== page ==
Jackson, a crusader for fair police treatment of minority officers and citizens, has been on stress-disability leave since last April, when he accused the department of racism. Jackson did not address the council Monday but was said to be listening to the proceedings in the lobby.

Forte, saying that "we shouldn't have police policing themselves," called for a police review board, including residents and council members, to oversee police conduct in Hawthorne.

Detailed accounts of alleged police brutality were given by four parents, black and white, who are seeking damages from the city on behalf of their children.

'Time to Take Notice'

"There is a problem, and it's time for somebody to stand up and take notice of what's really going on," said Robbie M. Williams, who claims that she and her daughters were beaten in a 1983 altercation with Hawthorne police.

"It's a mother's nightmare," said Pat Woodring, who claims that she saw police assault her son and another Leuzinger High School student at a football game last fall.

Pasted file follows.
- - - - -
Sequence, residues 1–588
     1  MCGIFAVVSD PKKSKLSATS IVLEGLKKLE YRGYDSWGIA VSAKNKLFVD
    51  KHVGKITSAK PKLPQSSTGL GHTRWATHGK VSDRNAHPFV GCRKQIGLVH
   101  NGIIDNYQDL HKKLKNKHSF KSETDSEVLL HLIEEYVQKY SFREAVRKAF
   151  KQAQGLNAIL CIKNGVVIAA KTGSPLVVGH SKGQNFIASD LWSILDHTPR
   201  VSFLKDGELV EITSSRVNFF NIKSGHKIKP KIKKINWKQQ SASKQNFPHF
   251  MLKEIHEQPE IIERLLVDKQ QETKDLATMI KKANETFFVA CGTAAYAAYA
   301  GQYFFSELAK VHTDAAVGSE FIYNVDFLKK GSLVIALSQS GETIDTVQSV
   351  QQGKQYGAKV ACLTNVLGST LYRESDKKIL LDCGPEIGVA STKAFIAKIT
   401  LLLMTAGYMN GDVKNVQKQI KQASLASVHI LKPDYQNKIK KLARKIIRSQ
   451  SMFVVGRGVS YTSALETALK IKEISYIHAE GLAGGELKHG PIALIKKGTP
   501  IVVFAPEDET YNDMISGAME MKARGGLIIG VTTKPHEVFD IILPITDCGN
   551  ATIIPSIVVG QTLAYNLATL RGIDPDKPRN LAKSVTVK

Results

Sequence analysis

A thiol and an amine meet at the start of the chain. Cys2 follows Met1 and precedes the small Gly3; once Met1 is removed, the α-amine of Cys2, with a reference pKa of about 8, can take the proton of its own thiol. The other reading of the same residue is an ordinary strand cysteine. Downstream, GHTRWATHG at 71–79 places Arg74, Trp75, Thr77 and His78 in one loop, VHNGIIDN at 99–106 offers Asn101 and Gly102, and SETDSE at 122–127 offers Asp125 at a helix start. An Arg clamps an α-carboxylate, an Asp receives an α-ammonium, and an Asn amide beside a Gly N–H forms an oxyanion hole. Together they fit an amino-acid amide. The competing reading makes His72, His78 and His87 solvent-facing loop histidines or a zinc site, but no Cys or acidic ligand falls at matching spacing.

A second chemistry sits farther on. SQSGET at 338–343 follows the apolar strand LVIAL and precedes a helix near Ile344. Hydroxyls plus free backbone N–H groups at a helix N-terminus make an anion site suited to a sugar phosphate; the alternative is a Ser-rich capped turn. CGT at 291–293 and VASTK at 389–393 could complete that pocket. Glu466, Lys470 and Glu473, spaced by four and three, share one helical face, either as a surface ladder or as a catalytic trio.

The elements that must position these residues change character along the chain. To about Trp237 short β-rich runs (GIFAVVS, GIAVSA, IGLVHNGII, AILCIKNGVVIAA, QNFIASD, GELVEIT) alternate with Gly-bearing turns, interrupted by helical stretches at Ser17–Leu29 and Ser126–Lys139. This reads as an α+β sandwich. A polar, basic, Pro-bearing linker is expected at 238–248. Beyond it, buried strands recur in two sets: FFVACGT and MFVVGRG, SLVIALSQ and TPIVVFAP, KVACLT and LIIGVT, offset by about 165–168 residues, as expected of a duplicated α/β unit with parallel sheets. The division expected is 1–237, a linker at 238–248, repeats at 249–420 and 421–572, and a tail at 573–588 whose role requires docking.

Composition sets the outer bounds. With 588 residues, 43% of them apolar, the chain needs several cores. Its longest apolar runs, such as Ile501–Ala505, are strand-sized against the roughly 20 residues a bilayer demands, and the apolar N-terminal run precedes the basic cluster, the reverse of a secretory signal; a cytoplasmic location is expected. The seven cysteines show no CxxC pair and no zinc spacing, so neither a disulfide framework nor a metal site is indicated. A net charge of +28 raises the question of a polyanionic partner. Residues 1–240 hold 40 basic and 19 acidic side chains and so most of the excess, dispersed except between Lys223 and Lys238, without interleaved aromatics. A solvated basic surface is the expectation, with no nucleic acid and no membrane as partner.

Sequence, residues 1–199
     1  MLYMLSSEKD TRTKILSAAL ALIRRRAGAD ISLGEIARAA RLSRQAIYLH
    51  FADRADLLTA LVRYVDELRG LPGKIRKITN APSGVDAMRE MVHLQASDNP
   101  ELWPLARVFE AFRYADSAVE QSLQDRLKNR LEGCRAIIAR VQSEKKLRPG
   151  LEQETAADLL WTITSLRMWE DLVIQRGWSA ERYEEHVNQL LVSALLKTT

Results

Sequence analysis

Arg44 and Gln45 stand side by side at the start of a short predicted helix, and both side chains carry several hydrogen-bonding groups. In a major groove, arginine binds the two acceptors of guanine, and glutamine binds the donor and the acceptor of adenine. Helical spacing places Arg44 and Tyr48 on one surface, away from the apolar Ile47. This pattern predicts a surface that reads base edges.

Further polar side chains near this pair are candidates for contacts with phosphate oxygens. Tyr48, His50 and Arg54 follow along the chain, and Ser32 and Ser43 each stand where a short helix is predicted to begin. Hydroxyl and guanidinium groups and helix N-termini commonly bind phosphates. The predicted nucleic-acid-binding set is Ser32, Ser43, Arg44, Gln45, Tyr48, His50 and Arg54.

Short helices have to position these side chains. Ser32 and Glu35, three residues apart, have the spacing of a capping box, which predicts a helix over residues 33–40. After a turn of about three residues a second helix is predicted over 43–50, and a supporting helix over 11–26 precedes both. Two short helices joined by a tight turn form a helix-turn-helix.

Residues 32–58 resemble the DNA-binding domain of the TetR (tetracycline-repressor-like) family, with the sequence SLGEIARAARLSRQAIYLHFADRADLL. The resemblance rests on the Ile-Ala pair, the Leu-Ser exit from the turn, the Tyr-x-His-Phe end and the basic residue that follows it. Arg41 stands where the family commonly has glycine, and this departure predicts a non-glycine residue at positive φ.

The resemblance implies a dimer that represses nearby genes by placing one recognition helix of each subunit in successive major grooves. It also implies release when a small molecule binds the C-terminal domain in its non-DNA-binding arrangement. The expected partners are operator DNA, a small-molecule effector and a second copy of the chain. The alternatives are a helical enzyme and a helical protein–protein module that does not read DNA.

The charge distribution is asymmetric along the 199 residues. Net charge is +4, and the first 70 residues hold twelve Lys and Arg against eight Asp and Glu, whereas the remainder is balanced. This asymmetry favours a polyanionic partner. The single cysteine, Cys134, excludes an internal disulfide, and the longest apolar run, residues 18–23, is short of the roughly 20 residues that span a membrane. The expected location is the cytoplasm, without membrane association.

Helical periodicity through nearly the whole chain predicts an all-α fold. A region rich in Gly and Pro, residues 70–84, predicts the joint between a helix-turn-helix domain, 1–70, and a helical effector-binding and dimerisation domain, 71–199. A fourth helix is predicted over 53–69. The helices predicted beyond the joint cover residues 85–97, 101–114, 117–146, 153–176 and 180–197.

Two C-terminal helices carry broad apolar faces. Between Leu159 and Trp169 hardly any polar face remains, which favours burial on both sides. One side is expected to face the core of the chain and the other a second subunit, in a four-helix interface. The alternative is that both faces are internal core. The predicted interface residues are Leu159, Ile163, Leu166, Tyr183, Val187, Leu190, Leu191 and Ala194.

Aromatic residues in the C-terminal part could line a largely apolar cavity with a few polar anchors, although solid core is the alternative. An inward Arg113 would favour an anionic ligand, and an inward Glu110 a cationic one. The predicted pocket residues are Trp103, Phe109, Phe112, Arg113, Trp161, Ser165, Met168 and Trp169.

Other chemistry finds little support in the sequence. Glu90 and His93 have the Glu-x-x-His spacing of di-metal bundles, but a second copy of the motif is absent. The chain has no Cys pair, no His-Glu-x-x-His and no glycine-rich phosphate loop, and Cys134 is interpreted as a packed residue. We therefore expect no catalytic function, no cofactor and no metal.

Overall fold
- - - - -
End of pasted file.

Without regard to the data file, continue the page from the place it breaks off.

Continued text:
Council members expressed concern about possible racism or brutality but said they could not comment on specific allegations because litigation is pending against the city.

But at one point, on the brink of tears, Councilwoman Ginny M. Lambert said: "If any one of our officers is doing things he should not, our silence does not mean we condone it. We are all parents. . . . We do not condone police brutality."

Defends Police

Councilman David M. York, who was a Hawthorne policeman for 15 years, said police officers are faced with emergencies daily and must make instantaneous decisions that could mean life or death. "People don't walk around with signs on their backs that say, 'I'm a good guy' or 'I'm a bad guy,' " York said, admitting that police sometimes make mistakes.

"Our police officers have done a doggone good job of policing themselves," York added, referring to instances in which the department itself has sought penalties when an officer may have behaved improperly.